Leonard N. Rosenband, Papermaking in Eighteenth-Century France: Management, Labor, and Revolution at the Montgolfier Mill, 1761-1805. Baltimore: Johns Hopkins University Press, 2000. xv + 210 pp. $39.95 (cloth), ISBN: 0-8018-6392-9.
In this elegantly written and well researched book, Leonard Rosenband puts history back into economic history. By the middle of the eighteenth century, Dutch paper and techniques had made a serious dent in international markets, forcing French manufacturers using traditional methods to adapt. Exploiting the detailed records of one papermaking enterprise, the Montgolfier mills in Vidalon-le-Haut, about 50 kilometers south of Lyon in the Rhône valley of Languedoc, Rosenband describes the response of hexagonal producers to this challenge. Loyal to the historical method and eschewing overt theorizing, Rosenband's extraordinary achievement is that with great dexterity and in an unassuming manner, he uses the case study approach to speak to larger debates and issues that will be of interest to many subscribers to this list: regions and protoindustrialization, the state and economic performance, factory discipline, and the evolution of labor market arrangements.
A family run enterprise, the Montgolfier mills housed about twenty vats in nine locations on the eve of the French Revolution. In Vidalon-le-Haut, the center of production, the Montgolfiers employed more than 100 adults and about 50 children. Vatmen controlled the key stage in production, manufacturing a sheet of paper by dipping their molds, a rectangular wire mesh bordered by a wooden frame, into a vat whose brew, composed of old rags, was also under their supervision. Renowned for their customary workloads and practices, referred to as les modes, vatmen were highly skilled and sought after. They were a footloose labor supply despite repeated state attempts to control their movement. The paper manufacturer who resisted the modes was shunned, finding it difficult to recruit workers. The Dutch advantage lay in a new technique, the Holland beater, that shredded fresh linen and that dispensed with the fermentation stage of the old technique. One contemporary estimated that Dutch organization and technique would cut costs by up to 75 percent. Using state funds and guidance, the Montgolfiers introduced the new technology, but this meant confronting the vatmen and their customary practices head on.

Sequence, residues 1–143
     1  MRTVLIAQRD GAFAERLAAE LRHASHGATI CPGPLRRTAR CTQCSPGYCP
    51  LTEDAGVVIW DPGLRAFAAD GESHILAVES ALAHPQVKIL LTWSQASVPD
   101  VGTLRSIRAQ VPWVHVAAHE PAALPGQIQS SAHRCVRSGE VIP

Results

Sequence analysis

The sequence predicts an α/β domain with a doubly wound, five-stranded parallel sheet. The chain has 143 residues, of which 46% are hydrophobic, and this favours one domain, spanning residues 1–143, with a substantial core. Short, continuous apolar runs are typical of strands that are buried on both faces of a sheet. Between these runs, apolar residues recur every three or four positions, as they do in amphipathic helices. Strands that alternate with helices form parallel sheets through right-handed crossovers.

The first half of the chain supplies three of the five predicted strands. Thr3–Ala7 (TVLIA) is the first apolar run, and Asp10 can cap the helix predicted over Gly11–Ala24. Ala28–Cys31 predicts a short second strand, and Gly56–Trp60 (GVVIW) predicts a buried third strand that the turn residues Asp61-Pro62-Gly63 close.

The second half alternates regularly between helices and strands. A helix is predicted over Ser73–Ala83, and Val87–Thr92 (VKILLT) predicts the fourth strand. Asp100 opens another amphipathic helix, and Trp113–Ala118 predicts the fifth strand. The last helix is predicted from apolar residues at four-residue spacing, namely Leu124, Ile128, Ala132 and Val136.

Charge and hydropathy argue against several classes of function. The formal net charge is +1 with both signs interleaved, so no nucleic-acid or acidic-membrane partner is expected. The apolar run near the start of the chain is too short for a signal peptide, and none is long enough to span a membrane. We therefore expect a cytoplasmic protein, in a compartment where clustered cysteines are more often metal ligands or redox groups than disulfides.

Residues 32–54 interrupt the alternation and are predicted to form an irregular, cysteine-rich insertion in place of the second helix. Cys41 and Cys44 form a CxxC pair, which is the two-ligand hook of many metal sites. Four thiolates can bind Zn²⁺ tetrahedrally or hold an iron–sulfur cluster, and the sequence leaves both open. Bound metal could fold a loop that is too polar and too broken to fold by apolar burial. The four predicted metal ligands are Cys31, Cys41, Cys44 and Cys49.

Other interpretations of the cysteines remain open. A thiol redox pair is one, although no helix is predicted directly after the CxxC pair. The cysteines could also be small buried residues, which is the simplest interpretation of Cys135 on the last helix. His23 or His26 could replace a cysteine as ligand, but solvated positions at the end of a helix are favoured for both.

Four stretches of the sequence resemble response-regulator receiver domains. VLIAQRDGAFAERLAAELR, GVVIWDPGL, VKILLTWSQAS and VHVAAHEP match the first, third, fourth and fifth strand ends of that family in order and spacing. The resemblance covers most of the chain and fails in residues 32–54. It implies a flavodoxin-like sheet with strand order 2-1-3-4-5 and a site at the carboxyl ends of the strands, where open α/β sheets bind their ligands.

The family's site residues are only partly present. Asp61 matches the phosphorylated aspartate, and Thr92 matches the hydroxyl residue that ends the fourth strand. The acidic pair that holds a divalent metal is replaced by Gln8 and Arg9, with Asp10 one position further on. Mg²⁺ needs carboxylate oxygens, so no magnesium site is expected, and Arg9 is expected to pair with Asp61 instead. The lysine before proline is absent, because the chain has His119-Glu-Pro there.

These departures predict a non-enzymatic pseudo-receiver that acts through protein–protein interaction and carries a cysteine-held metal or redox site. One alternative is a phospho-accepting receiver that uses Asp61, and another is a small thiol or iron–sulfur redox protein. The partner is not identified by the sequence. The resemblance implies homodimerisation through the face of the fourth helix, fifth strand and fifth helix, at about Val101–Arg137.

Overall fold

The key event in the struggle between skilled workers and the Montgolfiers was the lockout of 1781 after which the enterprise attempted to hire new younger recruits from the region and do the training of workers themselves. The new regime was based on family labor and a paternalist philosophy. Replacing the journeymen meant that the Montgolfiers had reduced the geographic scope of the market to guarantee labor peace. An apprenticeship system assured skill formation. Rosenband's description of these practices, their limitations and strengths, is nuanced. Clearly, the Montgolfiers worked at many margins of the employment package, adjusting in the case of apprentices their conditions of work, years of service, and bonus and final payments. Although Rosenband recognizes the partial nature of many of the strategies invoked, what is impressive is the degree of sophistication and understanding shown by the Montgolfiers in implementing the new contractual arrangements. Workers, too, seem to have been less tied to custom than we have come to expect. They responded to the new incentive structures and fashioned new customary rules to replace the old. In the end, Rosenband observes, the Montgolfiers challenged somewhat successfully the vatmen's control over skill, but they did not alter the division of labor.
In perhaps the finest part of the book, Rosenband evaluates the impact of the new strategies on the work rhythms and production at the enterprise. These sections will be widely consulted because of the detail they offer on turnover rates, work schedules and production before 'the factory.' Rosenband finds that, contrary to many other accounts of pre-industrial work, production at the Montgolfiers was stable. As for hours and days of work, they seem to be have been similar to those reported for the late nineteenth century. The new labor discipline had left its mark.
Ever the historian, Rosenband (Professor of History at Utah State University) is hesitant to draw comparisons with studies of industrial relations elsewhere or to situate his findings in the context of principal-agent theory and the like. These would be unnecessary detours in letting the story unfold as it should. Rosenband does make occasional reference to Sidney Pollard's classic, The Genesis of Modern Management (Harvard University Press, 1965) and this is fitting. For the new generation of economic historians, Rosenband's book will prove to be as influential as Pollard's was in its time.
Michael Huberman teaches at the Université de Montréal. He is currently researching the response of European workers to free trade before 1914.
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Posted: 20 July 2001